Thanksgiving is a huge deal at our house. All holidays are. Traditions are sacred and all else must accommodate them. But given that I am not a fan of cooking and Thanksgiving revolves around food, this most lovely of holidays has been wonderful mostly in theory and a pain in reality.
A couple of weeks ago, Sam and I were out on a lunch date, when he noticed at flyer at one of our favorite restaurants. It advertised a we-bake-it-you-take-it Thanksgiving feast.
I laughed. We could never do such a thing. It would be sacrilegious. It would be offensive. It would be absurd. Like when the lady in The Blind Side — one of the best movies of all time, but still —serves up her lovely not-at-all-homemade Thanksgiving dinner and it feels like blasphemy.
But the more I thought about what it would be like to actually enjoy Thanksgiving again — like I did when my mom was in charge — the more I liked it.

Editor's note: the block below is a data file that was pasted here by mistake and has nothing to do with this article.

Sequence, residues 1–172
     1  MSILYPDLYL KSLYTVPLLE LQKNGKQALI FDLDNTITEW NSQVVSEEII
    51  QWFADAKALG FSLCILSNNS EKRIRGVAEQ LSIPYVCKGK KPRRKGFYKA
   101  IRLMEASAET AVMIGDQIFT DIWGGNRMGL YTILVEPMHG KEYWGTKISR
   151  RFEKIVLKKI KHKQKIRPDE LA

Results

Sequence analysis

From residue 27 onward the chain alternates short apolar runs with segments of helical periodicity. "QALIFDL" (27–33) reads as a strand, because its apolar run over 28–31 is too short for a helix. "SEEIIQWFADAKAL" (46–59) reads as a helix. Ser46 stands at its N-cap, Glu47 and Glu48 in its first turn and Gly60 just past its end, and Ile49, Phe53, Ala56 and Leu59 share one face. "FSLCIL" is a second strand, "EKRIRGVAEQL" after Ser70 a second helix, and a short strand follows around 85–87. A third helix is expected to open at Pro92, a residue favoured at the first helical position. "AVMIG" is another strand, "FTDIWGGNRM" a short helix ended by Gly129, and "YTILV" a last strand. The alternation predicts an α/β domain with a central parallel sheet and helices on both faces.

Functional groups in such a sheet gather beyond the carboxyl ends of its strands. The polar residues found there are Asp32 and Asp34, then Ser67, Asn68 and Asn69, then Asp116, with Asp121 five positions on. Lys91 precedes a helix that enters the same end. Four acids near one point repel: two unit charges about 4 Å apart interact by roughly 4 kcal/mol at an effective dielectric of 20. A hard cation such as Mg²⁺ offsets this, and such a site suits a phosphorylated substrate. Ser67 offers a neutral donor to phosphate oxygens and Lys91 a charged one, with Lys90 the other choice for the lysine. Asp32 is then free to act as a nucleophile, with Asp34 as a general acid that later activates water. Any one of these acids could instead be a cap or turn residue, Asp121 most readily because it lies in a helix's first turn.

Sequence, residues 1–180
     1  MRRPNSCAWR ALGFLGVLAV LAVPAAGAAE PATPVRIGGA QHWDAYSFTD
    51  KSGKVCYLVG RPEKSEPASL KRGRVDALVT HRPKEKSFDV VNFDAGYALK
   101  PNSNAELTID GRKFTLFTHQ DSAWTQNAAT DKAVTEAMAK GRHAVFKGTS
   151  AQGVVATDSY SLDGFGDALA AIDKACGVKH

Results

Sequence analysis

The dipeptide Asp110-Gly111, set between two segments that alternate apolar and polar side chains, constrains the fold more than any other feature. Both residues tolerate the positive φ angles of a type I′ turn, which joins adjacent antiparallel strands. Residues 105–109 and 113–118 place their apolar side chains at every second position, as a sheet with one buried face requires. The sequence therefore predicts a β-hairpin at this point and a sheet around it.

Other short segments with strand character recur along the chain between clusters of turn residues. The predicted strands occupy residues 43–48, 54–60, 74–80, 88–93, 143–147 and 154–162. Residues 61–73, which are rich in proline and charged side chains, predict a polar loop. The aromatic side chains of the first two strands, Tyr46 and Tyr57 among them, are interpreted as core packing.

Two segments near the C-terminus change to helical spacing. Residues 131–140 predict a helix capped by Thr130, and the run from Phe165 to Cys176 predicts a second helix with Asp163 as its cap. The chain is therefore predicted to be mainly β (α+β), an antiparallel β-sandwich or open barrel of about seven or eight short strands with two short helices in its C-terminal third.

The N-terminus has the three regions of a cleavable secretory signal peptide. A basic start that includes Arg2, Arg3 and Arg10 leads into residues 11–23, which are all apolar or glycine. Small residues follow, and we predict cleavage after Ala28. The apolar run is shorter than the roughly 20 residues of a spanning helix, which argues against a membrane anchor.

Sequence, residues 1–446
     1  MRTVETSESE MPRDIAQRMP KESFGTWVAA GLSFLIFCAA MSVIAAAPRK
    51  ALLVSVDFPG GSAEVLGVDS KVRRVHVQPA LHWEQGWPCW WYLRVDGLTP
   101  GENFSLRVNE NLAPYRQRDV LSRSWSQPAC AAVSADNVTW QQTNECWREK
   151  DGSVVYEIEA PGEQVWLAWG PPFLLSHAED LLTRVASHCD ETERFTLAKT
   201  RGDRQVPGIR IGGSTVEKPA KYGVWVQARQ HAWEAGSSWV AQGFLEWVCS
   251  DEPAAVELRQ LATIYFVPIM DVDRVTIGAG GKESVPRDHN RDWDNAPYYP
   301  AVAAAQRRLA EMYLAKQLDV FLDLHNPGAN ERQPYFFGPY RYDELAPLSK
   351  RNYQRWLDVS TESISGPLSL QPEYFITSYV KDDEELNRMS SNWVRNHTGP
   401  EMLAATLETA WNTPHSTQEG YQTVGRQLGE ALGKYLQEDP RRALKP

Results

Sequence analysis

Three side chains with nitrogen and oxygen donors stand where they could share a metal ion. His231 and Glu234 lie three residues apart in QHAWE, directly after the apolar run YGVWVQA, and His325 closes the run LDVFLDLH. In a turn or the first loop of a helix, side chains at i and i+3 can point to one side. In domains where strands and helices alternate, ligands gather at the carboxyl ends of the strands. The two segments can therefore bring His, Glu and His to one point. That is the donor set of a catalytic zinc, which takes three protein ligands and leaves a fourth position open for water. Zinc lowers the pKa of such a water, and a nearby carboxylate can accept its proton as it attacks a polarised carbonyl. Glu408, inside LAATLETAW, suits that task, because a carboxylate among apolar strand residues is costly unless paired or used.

So I went home and asked the kids what they thought, sure they would shun the idea of a change from the usual. And every single one said, “Oh, sure, that would be fine.”
So now, two days before Thanksgiving, and I’m not cooking. The meal has been ordered and will be picked up at 11:30. We’ll be picking up:
- Potato smashers
- Candies yams
- Sweet and wild cranberry salad
We are making:
- Cranberry raspberry jello salad
- Pumpkin, apple, and more pies
- Apple cranberry walnut relish
- Juice pop
And the best part is, I’m making none of it. Happy Thanksgiving to me!
- 1 C sugar
- 1/2 C apple cranberry juice
- 1 lb fresh cranberries
- 3 C granny smith apples diced
- 2/3 C coarsely chopped walnuts
- Combine sugar, juice, and berries in a large sauce pan; bring to a boil over med-high heat.
- Reduce heat and simmer 15 miinutes or until cranberries pop and mixture thickens.
- Remove from heat; stir in apples and walnuts.
- Spoon into a bowl. Cover and chill at least 4 hours.
Source: Diane Jacob